I recently had the pleasure of facilitating a discussion of leaders from the Asian event industry on our future and where we were headed. We met at the Chinese Club of Hong Kong, the bastion of business since 1897, illustrious past member included Dr. Sun Yat Sen and most of Hong Kong’s major business leaders over the years. The Club’s understated elegance hasn’t changed since 1987 but you could still feel the plans made here by Sun Yat Sen and his cohorts, the friendships established, the handshakes of business and mega deals done. The Chinese Club of Hong Kong was the perfect venue for ISES Hong Kong Annual Leadership Dinner. This year’s topic “The Asian Event Industry – What, Where, When?” focused on new potential markets, questioned some of current ones and looked at what we can do as leaders to guide the industry.
This years’ invited guests were more diverse than the past. previous years’ focused mostly on world wide agencies with offices across the globe. This year brought in a more Hong Kong focus with event owners, industry disrupters and managers of large scale sporting events as well as the agencies and independent planners.
Invited guests included:
Rob Williams, Asia Media Search –
Robert is a headhunter for the events industry providing talent for media, event and marketing companies.
Robert Rogers CSEP, Events Man
Robert is an event designer and producer who specializes in vip management and hi end luxury events for the corporate and private world.
Malcolm Loudon, VenueHub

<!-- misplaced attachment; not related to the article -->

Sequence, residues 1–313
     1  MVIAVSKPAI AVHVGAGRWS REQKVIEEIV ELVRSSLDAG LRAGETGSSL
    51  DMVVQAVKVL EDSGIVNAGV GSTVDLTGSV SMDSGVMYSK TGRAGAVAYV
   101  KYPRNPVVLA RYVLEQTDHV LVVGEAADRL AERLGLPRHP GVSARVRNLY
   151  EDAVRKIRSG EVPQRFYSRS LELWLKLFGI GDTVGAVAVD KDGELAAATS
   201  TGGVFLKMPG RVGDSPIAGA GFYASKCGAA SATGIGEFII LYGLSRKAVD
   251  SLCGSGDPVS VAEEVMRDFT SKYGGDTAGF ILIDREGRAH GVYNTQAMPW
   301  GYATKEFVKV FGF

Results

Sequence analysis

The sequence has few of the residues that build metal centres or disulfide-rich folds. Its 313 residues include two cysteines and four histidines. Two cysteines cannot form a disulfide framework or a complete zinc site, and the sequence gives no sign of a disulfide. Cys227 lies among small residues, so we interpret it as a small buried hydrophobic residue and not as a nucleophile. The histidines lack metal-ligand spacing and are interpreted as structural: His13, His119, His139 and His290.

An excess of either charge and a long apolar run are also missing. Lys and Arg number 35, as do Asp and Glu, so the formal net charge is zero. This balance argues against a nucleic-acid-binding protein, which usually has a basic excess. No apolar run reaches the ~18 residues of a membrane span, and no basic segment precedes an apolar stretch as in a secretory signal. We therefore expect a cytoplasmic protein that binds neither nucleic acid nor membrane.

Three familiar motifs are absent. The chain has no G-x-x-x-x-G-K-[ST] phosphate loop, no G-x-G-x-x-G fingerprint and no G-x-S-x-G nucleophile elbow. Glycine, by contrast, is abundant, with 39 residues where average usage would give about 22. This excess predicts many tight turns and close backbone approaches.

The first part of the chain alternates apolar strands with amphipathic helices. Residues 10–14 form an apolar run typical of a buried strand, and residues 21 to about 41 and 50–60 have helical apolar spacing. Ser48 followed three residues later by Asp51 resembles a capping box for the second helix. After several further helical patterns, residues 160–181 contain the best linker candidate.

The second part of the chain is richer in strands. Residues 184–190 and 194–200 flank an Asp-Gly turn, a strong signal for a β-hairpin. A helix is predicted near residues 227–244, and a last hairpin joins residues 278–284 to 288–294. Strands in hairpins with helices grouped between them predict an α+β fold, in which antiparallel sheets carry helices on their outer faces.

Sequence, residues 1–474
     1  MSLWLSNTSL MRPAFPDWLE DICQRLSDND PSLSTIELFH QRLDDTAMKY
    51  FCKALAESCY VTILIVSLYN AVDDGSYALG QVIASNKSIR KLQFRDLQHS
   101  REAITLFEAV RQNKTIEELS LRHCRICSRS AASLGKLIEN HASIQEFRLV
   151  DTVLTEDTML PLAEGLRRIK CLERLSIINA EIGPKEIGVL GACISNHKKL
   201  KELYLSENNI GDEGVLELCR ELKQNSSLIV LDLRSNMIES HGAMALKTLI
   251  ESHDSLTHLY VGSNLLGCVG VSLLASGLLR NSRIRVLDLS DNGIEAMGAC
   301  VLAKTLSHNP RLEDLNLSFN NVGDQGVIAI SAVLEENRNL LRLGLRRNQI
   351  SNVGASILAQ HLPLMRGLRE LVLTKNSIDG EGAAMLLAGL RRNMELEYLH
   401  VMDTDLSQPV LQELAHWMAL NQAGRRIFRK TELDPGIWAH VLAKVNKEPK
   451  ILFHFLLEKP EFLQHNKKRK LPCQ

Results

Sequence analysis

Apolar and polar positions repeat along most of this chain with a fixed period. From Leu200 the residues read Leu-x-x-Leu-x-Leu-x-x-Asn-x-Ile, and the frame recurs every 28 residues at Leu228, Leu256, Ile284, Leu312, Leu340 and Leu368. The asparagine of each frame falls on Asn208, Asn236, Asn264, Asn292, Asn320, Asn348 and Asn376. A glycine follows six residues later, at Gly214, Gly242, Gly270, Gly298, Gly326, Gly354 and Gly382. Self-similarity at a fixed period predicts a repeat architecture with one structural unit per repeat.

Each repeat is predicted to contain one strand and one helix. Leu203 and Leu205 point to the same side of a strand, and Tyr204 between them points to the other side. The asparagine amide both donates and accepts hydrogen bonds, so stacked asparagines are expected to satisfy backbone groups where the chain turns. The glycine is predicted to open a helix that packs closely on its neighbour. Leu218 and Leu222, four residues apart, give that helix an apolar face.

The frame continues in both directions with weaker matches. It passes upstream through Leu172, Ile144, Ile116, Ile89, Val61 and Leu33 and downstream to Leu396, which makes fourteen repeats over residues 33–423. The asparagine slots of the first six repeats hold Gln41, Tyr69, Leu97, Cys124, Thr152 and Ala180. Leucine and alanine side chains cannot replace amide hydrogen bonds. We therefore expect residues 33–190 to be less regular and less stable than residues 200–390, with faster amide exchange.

Malcom is a founding partner of venuhub.hk a new web portal that connects event spaces with planners.
Sam Shei, Showbiz Creation
Sam is a stalwart of the Hong Kong event industry providing management and production for corporate events in Hong Kong as well as running several venues in the mainland.
Beatrice Remy WRG
Beatrice heads up the WRG Creative Agency Hong Kong office. WRG provides branded experience around the world with offices in Europe, Middle East, Asia and the US.
Sophie Fleming and Elle Bradstock, Q&Co
Q&Co is part of the worldwide Quintessentially Group and provide brand experiences to the luxury sector.
Melvin Byres, HKRFU
Melvin is the event manager for the International Hong Kong Sevens, Hong Kong oldest and largest annual sporting event.
Vincent Ng, TEDx Wanchai
Vincent is the curator for TEDx Wanchai one of the largest TED conferences in Asia. He is also the co owner of 1+1=11 event production company providing modern team building and audience curation for events.